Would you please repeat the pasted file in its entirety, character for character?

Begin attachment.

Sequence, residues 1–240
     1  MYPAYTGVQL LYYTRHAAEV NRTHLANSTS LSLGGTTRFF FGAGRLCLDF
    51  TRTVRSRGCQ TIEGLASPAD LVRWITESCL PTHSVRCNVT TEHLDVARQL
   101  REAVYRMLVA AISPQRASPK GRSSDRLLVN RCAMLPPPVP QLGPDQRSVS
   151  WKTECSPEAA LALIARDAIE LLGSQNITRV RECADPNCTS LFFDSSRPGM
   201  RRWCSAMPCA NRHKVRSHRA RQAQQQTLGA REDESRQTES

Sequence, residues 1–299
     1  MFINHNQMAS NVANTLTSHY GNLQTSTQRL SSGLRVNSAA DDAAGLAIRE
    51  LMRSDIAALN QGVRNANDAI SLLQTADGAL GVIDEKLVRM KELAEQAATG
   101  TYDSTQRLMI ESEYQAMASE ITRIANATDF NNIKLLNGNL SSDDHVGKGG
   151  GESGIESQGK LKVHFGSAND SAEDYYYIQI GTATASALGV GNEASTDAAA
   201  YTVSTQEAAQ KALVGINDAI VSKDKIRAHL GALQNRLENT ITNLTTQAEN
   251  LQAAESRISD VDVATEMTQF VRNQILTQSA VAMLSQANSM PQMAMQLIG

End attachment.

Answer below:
Sequence, residues 1–240
     1  MYPAYTGVQL LYYTRHAAEV NRTHLANSTS LSLGGTTRFF FGAGRLCLDF
    51  TRTVRSRGCQ TIEGLASPAD LVRWITESCL PTHSVRCNVT TEHLDVARQL
   101  REAVYRMLVA AISPQRASPK GRSSDRLLVN RCAMLPPPVP QLGPDQRSVS
   151  WKTECSPEAA LALIARDAIE LLGSQNITRV RECADPNCTS LFFDSSRPGM
   201  RRWCSAMPCA NRHKVRSHRA RQAQQQTLGA REDESRQTES

Sequence, residues 1–299
     1  MFINHNQMAS NVANTLTSHY GNLQTSTQRL SSGLRVNSAA DDAAGLAIRE
    51  LMRSDIAALN QGVRNANDAI SLLQTADGAL GVIDEKLVRM KELAEQAATG
   101  TYDSTQRLMI ESEYQAMASE ITRIANATDF NNIKLLNGNL SSDDHVGKGG
   151  GESGIESQGK LKVHFGSAND SAEDYYYIQI GTATASALGV GNEASTDAAA
   201  YTVSTQEAAQ KALVGINDAI VSKDKIRAHL GALQNRLENT ITNLTTQAEN
   251  LQAAESRISD VDVATEMTQF VRNQILTQSA VAMLSQANSM PQMAMQLIG